FCC Doing Heavy Lifting

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| Peter Radizeski of RAD-INFO, Inc. talking telecom, Cloud, VoIP, CLEC, and The Channel.

FCC Doing Heavy Lifting

The FCC is holding a meeting on Nov. 4. On the agenda: Inter-Carrier Compensation, Alltel-VZ merger, Clearwire-Sprint merger, and a vote of White Spaces. Lots of heavy lifting on this agenda. Martin wants to give his pals at VZ one more gift before he goes.

The VZ-Alltel merger is big, but the topic that can really rock telecom is the Inter-carrier Comp issue, which has been a stagnant FCC docket for years.

If companies can show high costs, they will continue to benefit from the subsidy program. Martin also wants to eliminate wireless providers' right to claim government subsidies for offering service in hard-to-reach areas. Martin wants all companies, wireless included, to show they have incurred losses in providing rural service before they can collect the subsidy. Without those changes, Martin worries that the subsidy fund will collapse of its own weight and rates will go up anyhow. [CNN]

It depends want the Compromise looks like -- and it will be a large compromise. Democrats want one thing. Republicans another. Cellcos versus Wireline. Rural versus Urban. Inter-Carrier Comp even bleeds into the USF issue. How? Because rural carriers count on both Universal Service Fund subsidies AND rather high call termination charges to keep afloat.

Why now? The ISP inter-carrier comp rule has been in court for six years. Earlier this year, the DC Court ruled that the FCC had to get off the pot:

The court set the deadline for an order from the FCC at November 5, 2008, six months from the date of oral argument, stated it will not grant an extension and warned that if an appropriate order is not timely issued, it will vacate the interim inter-carrier compensation rules.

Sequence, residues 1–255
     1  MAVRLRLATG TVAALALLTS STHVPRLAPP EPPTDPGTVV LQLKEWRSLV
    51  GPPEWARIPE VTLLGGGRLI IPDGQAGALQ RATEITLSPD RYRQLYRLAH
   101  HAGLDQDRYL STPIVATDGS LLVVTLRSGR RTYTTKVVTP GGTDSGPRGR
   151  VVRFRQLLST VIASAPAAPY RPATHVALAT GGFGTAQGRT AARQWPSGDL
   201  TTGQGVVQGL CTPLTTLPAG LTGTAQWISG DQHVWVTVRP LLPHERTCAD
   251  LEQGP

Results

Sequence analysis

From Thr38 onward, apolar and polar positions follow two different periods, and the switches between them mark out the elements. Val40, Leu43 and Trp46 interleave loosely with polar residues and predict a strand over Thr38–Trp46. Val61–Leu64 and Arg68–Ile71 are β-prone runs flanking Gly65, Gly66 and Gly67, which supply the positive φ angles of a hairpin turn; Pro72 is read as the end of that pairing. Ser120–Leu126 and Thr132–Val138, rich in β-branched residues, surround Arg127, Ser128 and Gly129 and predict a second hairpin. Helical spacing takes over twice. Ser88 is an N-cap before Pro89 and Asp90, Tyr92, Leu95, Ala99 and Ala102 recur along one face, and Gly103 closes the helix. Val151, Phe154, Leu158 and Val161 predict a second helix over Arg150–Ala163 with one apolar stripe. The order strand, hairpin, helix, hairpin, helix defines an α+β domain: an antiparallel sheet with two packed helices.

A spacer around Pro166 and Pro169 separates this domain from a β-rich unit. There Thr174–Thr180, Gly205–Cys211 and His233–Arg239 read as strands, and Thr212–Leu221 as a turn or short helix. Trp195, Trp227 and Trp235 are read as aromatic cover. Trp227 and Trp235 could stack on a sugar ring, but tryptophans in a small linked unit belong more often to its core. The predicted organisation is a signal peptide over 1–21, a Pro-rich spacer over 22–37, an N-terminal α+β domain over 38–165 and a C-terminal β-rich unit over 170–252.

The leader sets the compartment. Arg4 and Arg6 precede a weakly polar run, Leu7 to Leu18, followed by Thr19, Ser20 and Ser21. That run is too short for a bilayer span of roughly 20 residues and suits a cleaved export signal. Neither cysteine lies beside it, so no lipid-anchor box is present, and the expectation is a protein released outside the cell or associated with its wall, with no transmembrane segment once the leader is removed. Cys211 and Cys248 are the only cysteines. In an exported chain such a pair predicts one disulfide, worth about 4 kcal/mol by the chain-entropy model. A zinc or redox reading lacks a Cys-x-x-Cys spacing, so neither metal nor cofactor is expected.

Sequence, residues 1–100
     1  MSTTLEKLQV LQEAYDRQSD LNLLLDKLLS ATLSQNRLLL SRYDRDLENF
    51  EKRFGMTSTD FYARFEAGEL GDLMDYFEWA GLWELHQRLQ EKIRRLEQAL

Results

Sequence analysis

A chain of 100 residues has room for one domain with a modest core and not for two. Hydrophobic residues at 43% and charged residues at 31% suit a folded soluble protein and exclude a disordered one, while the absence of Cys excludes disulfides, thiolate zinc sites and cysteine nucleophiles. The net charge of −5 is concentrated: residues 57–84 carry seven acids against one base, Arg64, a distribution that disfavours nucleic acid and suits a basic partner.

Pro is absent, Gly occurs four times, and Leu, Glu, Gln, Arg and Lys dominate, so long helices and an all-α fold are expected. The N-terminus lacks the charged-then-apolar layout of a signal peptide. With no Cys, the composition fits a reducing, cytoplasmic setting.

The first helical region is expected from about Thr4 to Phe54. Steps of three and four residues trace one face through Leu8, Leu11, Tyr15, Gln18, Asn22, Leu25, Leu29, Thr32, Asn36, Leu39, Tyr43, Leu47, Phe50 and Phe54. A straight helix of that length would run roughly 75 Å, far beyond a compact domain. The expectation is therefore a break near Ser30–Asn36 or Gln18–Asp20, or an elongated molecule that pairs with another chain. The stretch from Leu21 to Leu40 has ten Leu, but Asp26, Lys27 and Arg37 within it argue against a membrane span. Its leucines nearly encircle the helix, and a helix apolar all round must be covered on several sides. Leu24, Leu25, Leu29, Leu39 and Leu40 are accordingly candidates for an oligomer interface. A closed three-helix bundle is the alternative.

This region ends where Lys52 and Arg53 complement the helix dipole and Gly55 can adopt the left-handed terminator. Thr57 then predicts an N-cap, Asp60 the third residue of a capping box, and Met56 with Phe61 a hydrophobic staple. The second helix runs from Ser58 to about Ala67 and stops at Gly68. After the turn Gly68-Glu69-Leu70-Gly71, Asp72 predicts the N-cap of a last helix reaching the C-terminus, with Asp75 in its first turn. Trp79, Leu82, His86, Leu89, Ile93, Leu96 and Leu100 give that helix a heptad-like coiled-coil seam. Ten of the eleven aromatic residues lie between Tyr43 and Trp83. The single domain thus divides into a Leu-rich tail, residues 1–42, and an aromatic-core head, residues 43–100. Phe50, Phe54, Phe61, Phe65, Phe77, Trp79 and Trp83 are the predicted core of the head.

Consumer groups are against another largess for the monopolies at the expense of the ratepayers.

The head of the Federal Communications Commission wants a massive overhaul of the fees that phone companies pay each other when they connect calls. Supporters say the reforms will help fund improved broadband Internet access for rural America, but consumer advocates question how much the plan will raise people's phone bills. "This could be potentially a billion-dollar giveaway to phone monopolies, paid for out of consumers' pocketbooks," said Chris Murray, an attorney with Consumers Union. [AP]

Intercarrier comp is how the various phone companies pay each other for traffic. VoIP providers and cellular carriers, especially Sprint, would like a fairer shake. The old RBOCs would like the Rural LEC's to stop getting so much money. (see Free Conference services not getting paid by RBOCs).

The National Telecommunications Cooperative Association, which represents small phone carriers, told FCC officials earlier this month that a new rate of $0.0007 per minute puts many of their members' livelihoods at risk.

And then there is the White Spaces issue. When broadcasters make the DTV transition in 1Q09, there will be unused spectrum that the Wireless World would like to use for its own bandwidth needs. However, due to bleed over (interference) with cordless microphones and other broadcasting devices, the NAB is opposed. [see dailywireless]

All of this is at one meeting while America votes.



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